Studies on stephanofilariasis in Queensland
Johnson, Stephen James (1989) Studies on stephanofilariasis in Queensland. PhD thesis, James Cook University.
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Stephanofilariasis is an infection of the skin of cattle and less commonly other ruminants, with small filarial nematodes of the genus Stephanofilaria. This disease was discovered in Queensland and Australia for the first time in 1980 and this thesis outlines the results of the subsequent investigation of determinants of the disease, its pathogenesis and control, and the life cycle and morphology of the parasite which induces disease in Queensland.
The disease was found in cattle and was manifest as circumscribed hairless lesions in the skin. The surface of the lesions was usually slightly-raised, dry and hyperkeratotic with small areas of dried blood. Less commonly, the lesions were cracked and scab encrusted.
Lesions were restricted to four sites: the medial canthus of the eye, where all infected animals had lesions; the neck, where older animals had lesions (41% of steers, 35% of cows and 4% of bulls); the sternum, (18% of bulls, 0.6% of steers and 1% of cows ); and head, where 0.6 to 1% of animals were infected independently of sex, breed or age. Whether the location of lesions reflected preferred vector biting sites or a greater physiological receptivity of infected skin to infection than skin in other locations was not determined. In either case, the location of the lesion on the host animal is unlikely to be a useful character for determining the species of Stephanofilaria found in the present study.
Adult parasites were found either in small groups in cysts formed from the remnants of hair follicles or singly in the epidermis and superficial dermis. Microfilariae were found in the superficial areas of the dermal papillae adjacent to the epidermis. The presence of adult parasites elicited a severe local inflammatory reaction comprising lymphocytes, histiocytes and eosinophils and resulted in the destruction of hair follicles and associated sebaceous glands.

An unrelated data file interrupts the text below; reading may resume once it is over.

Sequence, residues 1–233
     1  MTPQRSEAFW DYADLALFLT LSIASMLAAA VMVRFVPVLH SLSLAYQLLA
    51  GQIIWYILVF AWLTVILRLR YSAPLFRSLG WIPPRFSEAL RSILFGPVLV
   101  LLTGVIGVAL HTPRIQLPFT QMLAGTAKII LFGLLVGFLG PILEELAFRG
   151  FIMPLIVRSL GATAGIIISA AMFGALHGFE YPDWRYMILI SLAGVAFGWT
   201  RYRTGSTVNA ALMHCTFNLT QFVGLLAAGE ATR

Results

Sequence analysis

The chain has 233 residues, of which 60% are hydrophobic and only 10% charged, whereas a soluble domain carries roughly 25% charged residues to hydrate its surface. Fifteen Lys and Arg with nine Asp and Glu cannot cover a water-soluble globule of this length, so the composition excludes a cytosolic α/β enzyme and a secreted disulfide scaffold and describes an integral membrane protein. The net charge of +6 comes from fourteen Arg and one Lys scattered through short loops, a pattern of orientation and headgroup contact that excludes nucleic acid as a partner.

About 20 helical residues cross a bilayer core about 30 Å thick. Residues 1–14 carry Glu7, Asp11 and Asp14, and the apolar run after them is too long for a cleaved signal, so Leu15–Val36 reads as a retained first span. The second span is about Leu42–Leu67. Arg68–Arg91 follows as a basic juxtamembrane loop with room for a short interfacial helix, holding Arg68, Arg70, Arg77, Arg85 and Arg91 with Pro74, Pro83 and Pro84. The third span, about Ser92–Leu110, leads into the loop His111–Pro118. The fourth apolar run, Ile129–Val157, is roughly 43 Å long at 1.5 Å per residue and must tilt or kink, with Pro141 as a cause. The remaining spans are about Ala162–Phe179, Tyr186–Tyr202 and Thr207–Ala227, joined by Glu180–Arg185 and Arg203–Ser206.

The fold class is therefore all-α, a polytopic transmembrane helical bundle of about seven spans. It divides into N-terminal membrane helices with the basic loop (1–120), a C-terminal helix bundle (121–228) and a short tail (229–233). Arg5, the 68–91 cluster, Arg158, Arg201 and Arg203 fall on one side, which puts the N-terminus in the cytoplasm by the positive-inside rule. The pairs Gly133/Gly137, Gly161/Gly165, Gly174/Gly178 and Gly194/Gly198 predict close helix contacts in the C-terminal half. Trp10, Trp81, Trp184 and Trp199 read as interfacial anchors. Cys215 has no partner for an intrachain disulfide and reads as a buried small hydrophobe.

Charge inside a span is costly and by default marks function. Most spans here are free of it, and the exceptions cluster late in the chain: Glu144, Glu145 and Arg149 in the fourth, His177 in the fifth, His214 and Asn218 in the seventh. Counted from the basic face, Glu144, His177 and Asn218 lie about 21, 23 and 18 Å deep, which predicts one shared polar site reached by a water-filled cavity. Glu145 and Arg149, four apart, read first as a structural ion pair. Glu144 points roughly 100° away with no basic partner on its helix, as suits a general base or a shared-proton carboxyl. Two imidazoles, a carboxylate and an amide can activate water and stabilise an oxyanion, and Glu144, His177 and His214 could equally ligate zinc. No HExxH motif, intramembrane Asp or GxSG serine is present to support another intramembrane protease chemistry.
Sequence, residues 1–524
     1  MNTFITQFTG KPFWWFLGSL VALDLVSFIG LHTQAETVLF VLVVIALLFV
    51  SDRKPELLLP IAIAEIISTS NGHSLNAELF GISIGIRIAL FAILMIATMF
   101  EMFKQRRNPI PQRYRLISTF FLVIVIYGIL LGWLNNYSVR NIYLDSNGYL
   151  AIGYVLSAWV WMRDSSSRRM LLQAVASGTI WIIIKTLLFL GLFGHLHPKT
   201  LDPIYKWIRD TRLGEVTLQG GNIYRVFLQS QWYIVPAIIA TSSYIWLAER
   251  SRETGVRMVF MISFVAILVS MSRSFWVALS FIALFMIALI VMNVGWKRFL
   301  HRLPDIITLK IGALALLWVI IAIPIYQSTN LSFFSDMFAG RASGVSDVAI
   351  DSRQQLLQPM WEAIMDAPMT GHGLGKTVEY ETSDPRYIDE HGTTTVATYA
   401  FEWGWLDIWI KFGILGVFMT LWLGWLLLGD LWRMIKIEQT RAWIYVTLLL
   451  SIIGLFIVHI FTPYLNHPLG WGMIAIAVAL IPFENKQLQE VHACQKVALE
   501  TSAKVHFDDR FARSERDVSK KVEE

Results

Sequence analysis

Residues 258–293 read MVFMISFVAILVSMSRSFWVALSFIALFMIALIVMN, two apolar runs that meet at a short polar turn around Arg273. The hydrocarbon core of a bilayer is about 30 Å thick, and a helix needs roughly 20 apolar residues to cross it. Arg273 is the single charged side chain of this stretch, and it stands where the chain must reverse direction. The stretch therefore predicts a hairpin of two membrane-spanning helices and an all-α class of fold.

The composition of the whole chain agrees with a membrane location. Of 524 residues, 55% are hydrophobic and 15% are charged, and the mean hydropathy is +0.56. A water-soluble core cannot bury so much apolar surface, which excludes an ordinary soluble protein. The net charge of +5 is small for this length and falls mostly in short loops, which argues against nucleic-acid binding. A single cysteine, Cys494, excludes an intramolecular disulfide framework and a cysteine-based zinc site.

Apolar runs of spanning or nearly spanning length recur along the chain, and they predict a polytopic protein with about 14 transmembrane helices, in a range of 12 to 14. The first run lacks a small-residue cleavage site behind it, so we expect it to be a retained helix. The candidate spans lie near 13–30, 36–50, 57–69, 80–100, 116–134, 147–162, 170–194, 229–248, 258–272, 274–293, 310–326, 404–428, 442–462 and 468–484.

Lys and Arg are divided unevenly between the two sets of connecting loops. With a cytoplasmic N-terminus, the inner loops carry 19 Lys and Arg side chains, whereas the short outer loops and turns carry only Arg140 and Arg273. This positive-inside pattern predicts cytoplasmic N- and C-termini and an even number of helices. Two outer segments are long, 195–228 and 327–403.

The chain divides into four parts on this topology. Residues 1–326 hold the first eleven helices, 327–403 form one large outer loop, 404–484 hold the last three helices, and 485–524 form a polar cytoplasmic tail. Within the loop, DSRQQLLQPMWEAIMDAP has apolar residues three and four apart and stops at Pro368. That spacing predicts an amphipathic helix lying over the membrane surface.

Alopecia is a constant feature of stephanofilarial lesions yet its pathogenesis has not been determined. In histological sections, most adults were entwined in cysts formed in the base of hair follicles but adults of both sexes were found in the epidermis and superficial dermis.
Microfilariae recovered from the skin of cattle in this study were confined within semi rigid vitelline membranes. Small spherical bodies, probably yolk remnants, were also confined within the membranes. Live microfilariae were actively motile within the membrane but they were unable to effect any progressive movement of the entire structure when suspended in saline. Furthermore, no microfilariae were recovered in the saline recovery technique. These findings strongly suggest that the microfilariae of this Stephanofilaria sp. are incapable of independent migration. Therefore, adult females would have to migrate through the superficial dermis and epidermis to discharge microfilariae in areas accessible to potential vectors. The males found in this situation may have been migrating in search of females. If these adults and maturing larvae re-entered other hair follicles then the repeated invasion of hair follicles and destruction of the germinal matrix cells would cause the local alopecia which is characteristic of stephanofilarial lesions.
The histopathology of the lesions examined in this study showed differences from those of lesions produced by fly feeding alone and also to those described for lesions induced by hypersensitivity to other biting flies.This, and the successful transmission of the parasite to produce a characteristic lesion strengthens the conclusion that lesions previously called "buffalo fly lesions" are stephanofilarial dermatitis. The following determinants of stephanofilariasis were observed in abattoir and field studies.